A bit childish…

by Ivar Slavenburg

Some time ago, I felt that I had to upgrade my computer. It was at the same time the first tablets were appearing. The iPhone has started its rise to fame. I had an Apple before and I liked it a lot. It made me think of that old Atari 1040ST I owned a long time ago. That was a great machine. Later I upgraded to the Atari Mega ST2. It had a hard drive in it! Awesome.

Officially, I had chosen for the Atari platform because it worked great with digital music. It had midi build in and was able to communicate with my synthesisers out of the box. Everybody into digital music wanted one in those day. When I look over my shoulders I can still see it, the Atari and the legendary Roland D50 synthesiser. And next to it there is the box with the disks with this great software of Steinberg, Pro24. That was revolutionary in those day, as it turned your Atari a recording studio.

Shamefully, I have to admit I never really used it much. The D50 and Pro24 I mean. The Atari however, I used daily. There was this other piece of software that I was completely addicted to: LaTex. I first saw it at university, in the math department. The documents they made with it were incredible, especially if printed on a laser printer. These things were also pretty expensive in those days. It was LaTeX that made me fall in love with typesetting. It worked great on the Atari and even with my 24dot matrix printer the results were stunning.

Though LaTeX really excelled at mathematical documents it also was great for regular texts, as it had all kinds of rules for typesetting in it that made texts so much more readable. Nowadays, every time I work on a HTML5 or CSS3 (SASS) document my memories go back to those days. To be honest, I like software like Indesign or Apple’s Pages. Also Word on Mac is definitely ok. However, I don’t feel the excitement that I felt when I was going through Lesley Lamport’s LaTeX manual and see how text was shaped and sized so it really starts to invite the reader to sit down and read.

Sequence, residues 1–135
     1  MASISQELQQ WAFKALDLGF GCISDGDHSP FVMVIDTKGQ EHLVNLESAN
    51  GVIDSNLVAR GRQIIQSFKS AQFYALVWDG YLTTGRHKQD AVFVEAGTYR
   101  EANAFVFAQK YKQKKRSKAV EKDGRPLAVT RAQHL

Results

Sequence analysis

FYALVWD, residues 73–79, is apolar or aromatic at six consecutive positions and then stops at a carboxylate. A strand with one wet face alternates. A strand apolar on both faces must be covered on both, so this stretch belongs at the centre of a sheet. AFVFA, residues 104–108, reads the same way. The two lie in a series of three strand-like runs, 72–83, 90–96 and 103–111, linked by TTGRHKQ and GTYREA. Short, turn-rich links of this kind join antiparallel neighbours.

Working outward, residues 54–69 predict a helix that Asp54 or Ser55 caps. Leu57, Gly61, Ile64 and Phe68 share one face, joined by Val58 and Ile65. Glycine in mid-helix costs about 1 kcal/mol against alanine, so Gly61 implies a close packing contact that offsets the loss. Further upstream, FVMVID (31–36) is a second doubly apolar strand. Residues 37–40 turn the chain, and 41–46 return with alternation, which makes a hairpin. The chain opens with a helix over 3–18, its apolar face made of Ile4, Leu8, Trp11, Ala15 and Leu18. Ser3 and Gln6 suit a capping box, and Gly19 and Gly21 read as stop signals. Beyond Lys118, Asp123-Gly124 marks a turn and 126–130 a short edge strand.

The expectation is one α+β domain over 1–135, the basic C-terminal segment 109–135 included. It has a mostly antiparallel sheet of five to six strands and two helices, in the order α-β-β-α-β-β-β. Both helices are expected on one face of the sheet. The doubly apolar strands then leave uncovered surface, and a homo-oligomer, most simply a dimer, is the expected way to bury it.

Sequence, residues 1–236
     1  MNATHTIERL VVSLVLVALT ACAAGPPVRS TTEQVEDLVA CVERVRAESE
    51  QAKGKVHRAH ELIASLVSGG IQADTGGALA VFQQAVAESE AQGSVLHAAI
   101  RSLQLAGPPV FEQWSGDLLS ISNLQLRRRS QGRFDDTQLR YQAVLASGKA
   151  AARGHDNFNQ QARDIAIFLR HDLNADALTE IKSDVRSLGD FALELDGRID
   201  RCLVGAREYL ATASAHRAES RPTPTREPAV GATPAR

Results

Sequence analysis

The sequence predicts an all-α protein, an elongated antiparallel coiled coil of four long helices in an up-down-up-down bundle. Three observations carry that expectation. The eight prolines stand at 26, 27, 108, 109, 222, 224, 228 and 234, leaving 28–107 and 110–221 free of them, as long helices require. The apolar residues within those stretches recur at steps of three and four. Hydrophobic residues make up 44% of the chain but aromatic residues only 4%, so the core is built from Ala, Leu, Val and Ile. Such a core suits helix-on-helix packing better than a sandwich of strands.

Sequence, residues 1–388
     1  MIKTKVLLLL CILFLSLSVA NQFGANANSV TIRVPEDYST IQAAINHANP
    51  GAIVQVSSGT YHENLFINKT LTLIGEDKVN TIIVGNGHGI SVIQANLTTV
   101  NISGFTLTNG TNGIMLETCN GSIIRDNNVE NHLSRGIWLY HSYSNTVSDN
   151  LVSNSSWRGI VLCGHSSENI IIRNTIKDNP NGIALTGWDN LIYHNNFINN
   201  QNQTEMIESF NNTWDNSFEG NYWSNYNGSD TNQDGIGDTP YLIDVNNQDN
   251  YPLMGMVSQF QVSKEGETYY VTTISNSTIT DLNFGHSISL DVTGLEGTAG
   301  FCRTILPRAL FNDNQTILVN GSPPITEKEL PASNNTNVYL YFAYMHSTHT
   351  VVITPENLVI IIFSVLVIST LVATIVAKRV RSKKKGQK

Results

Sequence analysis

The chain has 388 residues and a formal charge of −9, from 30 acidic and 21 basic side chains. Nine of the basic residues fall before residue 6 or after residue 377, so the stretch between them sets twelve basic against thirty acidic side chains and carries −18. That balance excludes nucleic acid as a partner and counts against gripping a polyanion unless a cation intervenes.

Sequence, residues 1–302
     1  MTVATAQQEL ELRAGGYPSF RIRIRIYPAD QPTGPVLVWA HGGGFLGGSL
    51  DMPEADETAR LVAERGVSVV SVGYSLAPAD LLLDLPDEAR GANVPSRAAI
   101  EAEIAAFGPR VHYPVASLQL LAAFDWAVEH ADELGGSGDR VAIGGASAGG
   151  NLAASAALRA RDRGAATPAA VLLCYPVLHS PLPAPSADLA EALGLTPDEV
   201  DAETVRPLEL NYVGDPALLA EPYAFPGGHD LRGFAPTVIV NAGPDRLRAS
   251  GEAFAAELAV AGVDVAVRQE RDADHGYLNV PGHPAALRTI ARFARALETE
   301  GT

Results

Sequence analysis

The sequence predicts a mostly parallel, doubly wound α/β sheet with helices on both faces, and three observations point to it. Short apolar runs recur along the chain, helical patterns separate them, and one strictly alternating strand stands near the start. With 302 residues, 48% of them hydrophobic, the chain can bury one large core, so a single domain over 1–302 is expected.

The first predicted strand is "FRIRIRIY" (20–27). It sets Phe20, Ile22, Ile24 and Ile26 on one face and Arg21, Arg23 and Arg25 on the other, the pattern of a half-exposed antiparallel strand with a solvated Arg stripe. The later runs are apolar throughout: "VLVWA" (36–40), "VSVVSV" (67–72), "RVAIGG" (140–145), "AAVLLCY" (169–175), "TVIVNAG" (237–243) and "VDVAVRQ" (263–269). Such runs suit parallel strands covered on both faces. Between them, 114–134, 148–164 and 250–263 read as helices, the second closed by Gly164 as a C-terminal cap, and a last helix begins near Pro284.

It was my Atari background that brought me back to the Macintosh. Ever since, I always buy Apple stuff (or don’t buy anything at all). The days I liked to play around with Unix and Linux on old PC boxes is behind me. No longer the box itself, but the software that runs on it matters to me. How can I do more in less time? The choice for Apple hasn’t let me down so far. Not that I don’t acknowledge that, possibly, individually there are better machines than Apple makes, especially taking the costs into account. Maybe there are better Android phones out there than my iPhone 5 or Microsoft has really build a great all-round machine with the Surface3 (I once got the Surface1 as a present and I really found it terrible). As a whole, the Apple “ecosystem” works fine for me and I have no intention of leaving it.

Then again, there are sometimes things that make you wonder what kind of people are behind all of this technical wizardry and in what kind of naive world they live. Let me give you an example. Last night I was looking for the song “Freedom” of Nicki Minaj on my Apple TV, using the Vevo App. Normally, her type of music isn’t my taste, but this particular song is rather nice. Strangely, I couldn’t find the video on Vevo.

Not being able to find it on Vevo on the Apple TV (it is on Youtube), I turned my attention to iTunes, wondering whether I could buy the song there. As it turned out there are two versions in the store, the “clean” version and the “explicit” version. Latter is the original, so that’s the one I wanted. Then I noticed something that made me feel a bit sad for the folks at Apple.

If you look up the song in the iTunes library, the “clean” version is €0,99 and the “explicit” version €1,29. Yep, that’s Apple for you. Really, I do understand that Apple doesn’t want erotic Apps mingled with other Apps in their store, keeping it family friendly, though I don’t understand why they block them all out. However, selling the explicit version of a song for 30 cents more than the clean version? If you don’t like your brand to be associated with sex, don’t sell it at all. This 30 cents will not make the difference. Sex sells, and the folks in the music industry know that for ages. So if you don’t like that fact why are you trying to revolutionise this business in the first place?

And no, I didn’t buy the song. And that is just sad.

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